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Tunnel Vision: Inside the East Side Access Project

No Time Like the Right Time

Transportation experts agree that time delays and cost overruns can be expected with any project this size (highway construction is another case in point). Look how long it’s taken to complete the Second Avenue Subway, now scheduled to be finished in December, 2016. It was first proposed in 1929, but before it could go to contract, the stock market crashed. Now both projects are at the mercy of the Great Recession.

“My job is to build,” says MTA Capital Construction’s project manager Alan Paskoff. “We’re full speed ahead.”


LIRR President Helena Williams has her fingers crossed that trains will be running through the East Side Access project by 2016. She plans to be at the ribbon-cutting.

“By bringing people directly to Grand Central we’ll save them that 20-minute subway ride in the morning, a 20-minute ride in the afternoon,” she tells the Press. “If you add all that up, one of my staff people says, that’s like 20 vacation days a year.”

One big benefit she foresees for Long Islanders is that when this project is done, it will boost property values all along the railroad’s territory. “We will be protecting the Long Island housing market when this construction is completed, and we can bring service to the Upper East Side.”

Williams gives special credit to Long Island’s Congressional delegation for keeping the federal dollars flowing. “If it weren’t for Peter King [R-Seaford], we would not have gotten the funding to initiate the project.”

“I will continue to do all that I can to secure funding for the LIRR East Side Access project,” King tells the Press. “Very simply, this project is not only vital for our economy but will save hard-working Long Islanders extra hours.”

On the other side of the aisle, his Democratic colleague, Rep. Steve Israel (D-Dix Hills), agrees. “China has invested more than $200 billion in high speed rail and I refuse to take a back seat,” Israel says. “Infrastructure investments like East Side Access create jobs, expand our economy and improve productivity.  Every $1 billion invested in infrastructure creates 47,500 jobs and more than $6 billion in economic activity. East Side Access remains a priority for Long Islanders and a key factor in our future economic growth.”

Last June, FTA administrator Peter Rogoff wrote to the Senate Banking, Housing and Urban Affairs committee that the news from the MTA regarding “the cost overruns and schedule delays” for the Second Avenue Subway and East Side Access “is grim.” A source at the FTA tells the Press “we’ve made some progress” in those areas, and that the Obama administration’s funding of the FTA for 2012 “more than doubled our budget.” He said that the just-passed 2011 budget, despite all the partisan acrimony on Capitol Hill over federal spending, “did not severely impact the agency.”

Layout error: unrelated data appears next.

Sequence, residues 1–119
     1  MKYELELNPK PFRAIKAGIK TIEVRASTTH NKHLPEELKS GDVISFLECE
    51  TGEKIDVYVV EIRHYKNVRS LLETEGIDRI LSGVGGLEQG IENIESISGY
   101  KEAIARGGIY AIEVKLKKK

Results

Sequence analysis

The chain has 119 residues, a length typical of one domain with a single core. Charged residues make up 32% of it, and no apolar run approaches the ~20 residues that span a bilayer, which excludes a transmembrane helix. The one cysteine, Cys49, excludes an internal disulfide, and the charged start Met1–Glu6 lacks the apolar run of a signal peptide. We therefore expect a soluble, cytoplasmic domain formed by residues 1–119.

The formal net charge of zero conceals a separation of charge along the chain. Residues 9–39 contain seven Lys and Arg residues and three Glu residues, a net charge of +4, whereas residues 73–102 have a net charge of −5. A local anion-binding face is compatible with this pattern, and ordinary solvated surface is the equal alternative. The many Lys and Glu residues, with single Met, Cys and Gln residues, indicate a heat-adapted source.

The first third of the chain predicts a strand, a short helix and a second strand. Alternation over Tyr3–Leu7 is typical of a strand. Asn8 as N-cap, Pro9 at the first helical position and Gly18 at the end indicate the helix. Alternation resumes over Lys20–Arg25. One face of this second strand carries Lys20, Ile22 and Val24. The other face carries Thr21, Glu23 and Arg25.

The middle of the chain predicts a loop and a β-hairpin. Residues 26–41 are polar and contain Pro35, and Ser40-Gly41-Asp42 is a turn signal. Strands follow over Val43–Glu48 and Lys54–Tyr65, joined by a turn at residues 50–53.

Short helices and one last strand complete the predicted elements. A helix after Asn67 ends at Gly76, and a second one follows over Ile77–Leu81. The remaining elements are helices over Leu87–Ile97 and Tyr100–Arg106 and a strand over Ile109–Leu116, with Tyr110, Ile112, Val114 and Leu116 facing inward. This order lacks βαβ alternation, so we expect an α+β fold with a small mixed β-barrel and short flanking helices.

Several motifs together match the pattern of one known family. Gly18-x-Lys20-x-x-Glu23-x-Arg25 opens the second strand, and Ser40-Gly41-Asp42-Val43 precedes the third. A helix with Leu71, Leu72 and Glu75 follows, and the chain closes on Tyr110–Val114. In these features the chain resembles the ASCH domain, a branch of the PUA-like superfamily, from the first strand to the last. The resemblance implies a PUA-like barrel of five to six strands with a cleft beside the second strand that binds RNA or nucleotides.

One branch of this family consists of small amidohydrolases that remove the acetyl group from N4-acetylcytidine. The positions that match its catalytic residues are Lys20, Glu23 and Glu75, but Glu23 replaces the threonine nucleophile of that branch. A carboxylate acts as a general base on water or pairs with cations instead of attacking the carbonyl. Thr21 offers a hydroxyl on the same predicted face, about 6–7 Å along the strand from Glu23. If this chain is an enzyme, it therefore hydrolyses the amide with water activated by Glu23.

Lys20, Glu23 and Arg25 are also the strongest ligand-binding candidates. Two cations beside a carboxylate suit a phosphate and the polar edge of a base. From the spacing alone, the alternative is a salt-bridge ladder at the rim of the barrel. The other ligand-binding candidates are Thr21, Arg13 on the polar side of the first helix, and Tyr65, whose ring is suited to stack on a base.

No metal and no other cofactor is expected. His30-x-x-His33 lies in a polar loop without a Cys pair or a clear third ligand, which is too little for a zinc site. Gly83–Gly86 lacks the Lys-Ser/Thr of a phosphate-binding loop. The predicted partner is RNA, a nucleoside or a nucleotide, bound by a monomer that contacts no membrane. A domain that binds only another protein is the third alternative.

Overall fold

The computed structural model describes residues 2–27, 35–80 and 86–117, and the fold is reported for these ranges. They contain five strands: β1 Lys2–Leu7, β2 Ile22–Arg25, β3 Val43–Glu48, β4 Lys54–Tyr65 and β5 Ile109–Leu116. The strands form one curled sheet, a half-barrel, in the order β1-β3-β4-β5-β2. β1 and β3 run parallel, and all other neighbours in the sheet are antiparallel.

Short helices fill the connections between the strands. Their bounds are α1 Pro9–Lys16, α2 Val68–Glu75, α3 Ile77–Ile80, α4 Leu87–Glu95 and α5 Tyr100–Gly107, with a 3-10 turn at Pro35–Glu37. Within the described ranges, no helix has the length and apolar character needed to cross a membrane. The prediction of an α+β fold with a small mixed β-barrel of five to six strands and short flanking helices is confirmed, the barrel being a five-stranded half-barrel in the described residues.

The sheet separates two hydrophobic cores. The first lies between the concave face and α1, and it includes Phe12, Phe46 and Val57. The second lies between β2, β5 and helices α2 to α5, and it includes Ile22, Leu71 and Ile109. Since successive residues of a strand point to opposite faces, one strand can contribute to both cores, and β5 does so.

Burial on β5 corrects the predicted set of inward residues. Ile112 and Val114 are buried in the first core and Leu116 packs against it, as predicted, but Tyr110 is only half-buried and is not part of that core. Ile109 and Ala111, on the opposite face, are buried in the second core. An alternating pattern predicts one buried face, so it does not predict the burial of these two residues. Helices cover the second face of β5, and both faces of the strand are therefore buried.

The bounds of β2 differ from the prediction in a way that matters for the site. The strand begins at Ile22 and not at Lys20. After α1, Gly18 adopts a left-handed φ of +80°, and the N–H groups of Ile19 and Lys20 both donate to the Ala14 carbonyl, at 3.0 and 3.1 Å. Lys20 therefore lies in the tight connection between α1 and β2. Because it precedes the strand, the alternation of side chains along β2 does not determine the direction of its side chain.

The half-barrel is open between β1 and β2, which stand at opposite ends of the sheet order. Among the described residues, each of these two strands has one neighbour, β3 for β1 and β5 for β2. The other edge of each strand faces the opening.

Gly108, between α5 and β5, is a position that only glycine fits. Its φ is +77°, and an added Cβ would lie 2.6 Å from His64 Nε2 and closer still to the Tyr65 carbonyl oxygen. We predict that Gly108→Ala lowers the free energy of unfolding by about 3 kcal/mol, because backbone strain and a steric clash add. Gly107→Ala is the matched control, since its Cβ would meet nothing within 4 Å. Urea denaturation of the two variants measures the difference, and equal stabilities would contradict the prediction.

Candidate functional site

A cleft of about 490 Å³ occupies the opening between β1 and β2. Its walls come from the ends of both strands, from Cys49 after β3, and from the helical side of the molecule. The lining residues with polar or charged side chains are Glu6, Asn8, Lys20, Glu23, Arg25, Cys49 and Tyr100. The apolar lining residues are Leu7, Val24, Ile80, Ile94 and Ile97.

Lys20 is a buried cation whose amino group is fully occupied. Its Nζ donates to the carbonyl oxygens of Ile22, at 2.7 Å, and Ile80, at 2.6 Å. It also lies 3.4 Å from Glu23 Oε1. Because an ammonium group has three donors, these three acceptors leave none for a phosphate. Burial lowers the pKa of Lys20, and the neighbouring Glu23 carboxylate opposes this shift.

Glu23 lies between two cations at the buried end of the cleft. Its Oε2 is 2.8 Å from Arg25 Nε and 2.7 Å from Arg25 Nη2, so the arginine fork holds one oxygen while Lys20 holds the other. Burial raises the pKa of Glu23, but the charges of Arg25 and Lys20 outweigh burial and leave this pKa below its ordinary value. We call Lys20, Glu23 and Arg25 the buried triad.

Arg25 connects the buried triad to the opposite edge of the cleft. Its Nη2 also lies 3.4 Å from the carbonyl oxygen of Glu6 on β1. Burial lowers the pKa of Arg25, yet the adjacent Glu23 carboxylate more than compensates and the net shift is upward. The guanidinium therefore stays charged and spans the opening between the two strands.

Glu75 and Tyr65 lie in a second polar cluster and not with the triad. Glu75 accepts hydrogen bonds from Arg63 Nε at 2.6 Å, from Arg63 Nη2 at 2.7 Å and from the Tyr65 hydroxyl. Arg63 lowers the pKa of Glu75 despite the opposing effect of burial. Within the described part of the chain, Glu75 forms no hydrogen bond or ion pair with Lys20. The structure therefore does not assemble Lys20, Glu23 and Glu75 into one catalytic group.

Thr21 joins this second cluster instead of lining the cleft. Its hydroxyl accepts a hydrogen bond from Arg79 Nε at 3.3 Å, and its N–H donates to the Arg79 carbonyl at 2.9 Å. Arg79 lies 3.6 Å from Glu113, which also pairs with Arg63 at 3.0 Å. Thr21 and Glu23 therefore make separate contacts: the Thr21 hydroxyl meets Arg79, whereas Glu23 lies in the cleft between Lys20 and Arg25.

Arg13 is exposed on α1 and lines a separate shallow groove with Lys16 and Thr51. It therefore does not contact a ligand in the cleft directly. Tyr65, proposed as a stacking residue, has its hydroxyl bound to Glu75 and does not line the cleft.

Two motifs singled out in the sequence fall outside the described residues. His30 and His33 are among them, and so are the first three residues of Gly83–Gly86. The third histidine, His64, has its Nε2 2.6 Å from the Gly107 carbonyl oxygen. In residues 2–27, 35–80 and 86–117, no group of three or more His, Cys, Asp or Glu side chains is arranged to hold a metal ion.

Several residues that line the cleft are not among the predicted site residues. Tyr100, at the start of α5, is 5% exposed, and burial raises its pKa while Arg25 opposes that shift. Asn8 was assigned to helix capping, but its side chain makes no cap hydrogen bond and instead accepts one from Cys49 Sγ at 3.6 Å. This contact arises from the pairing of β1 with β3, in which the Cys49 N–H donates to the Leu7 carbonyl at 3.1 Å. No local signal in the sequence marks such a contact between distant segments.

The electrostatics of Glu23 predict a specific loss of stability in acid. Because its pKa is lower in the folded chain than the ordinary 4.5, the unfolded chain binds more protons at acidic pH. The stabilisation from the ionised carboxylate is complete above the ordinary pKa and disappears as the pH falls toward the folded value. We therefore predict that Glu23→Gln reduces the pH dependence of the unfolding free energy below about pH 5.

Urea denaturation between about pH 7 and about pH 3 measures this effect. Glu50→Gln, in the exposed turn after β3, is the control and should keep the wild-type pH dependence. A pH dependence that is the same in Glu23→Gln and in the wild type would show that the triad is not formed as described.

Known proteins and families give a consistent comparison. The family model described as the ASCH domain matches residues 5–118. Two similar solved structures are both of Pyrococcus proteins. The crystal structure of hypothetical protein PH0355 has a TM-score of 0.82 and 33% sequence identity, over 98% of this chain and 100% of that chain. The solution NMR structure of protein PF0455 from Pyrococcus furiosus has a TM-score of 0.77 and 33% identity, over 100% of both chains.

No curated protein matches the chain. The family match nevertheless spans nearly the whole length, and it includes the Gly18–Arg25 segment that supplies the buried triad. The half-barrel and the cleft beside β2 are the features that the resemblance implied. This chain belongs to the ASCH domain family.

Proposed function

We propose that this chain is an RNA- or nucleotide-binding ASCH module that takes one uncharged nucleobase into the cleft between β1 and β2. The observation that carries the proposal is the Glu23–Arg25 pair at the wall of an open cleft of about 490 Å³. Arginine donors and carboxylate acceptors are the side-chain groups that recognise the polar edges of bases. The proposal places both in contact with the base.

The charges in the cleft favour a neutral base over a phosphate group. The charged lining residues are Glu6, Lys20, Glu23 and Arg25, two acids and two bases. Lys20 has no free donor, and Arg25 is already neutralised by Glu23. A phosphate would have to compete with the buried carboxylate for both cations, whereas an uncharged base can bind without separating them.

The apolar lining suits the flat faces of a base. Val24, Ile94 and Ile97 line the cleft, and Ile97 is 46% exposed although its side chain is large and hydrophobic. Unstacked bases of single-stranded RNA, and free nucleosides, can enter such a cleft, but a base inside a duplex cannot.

Now the focus shifts to Albany, where Gov. Andrew Cuomo will have to decide how to keep the MTA’s mega-projects on track.

“The East Side Access and Second Avenue Subway projects are expected to dramatically improve mobility throughout the region,” says FTA spokesman Brian Farber. “It has been FTA’s goal to sign a revised full funding grant agreement detailing the new schedule and budget for the completion of these two important projects.  However, the FTA is waiting for the MTA to identify state and local funding sources for the higher costs associated with their completion and operation.”

Cuomo’s state budget closed a $10 billion gap, leaving little room for funding the tunnel projects. Mass transit advocate Gene Russianoff, head of the New York Public Interest Research Group’s Straphangers Campaign, is worried about the present condition of our trains and subways, let alone spending on the East Side Access project.

“What advocates like me hope is that by the end of the year, Albany figures out a way to allow a substantial portion of the projects to go ahead,” he says. “Without these kinds of investments New York is screwed. But you can’t just let the tracks go without repair for three years!”

Jeffrey Zupan, senior fellow for transportation at the Regional Plan Association, is more optimistic. “As you can see,” he tells the Press, “it’s mostly built. They’re in what I would call the home stretch! Our take is that we’re not ready to give up on these expansion projects just because the [budget] gap is so great. We have to go for both.”

“We have some big challenges ahead,” observes Kate Slevin, executive director of the Tri-State Transportation Campaign. “After this year, the MTA has no capital funding. Right now we’re okay but we don’t know what’s going to happen in the future. We don’t really want to stop these projects once they’re under construction because it costs so much to halt and then go to the federal government for money. It’s a big mess.”

But it’s nothing compared to the sludge at the bottom of the Grand Central caverns.

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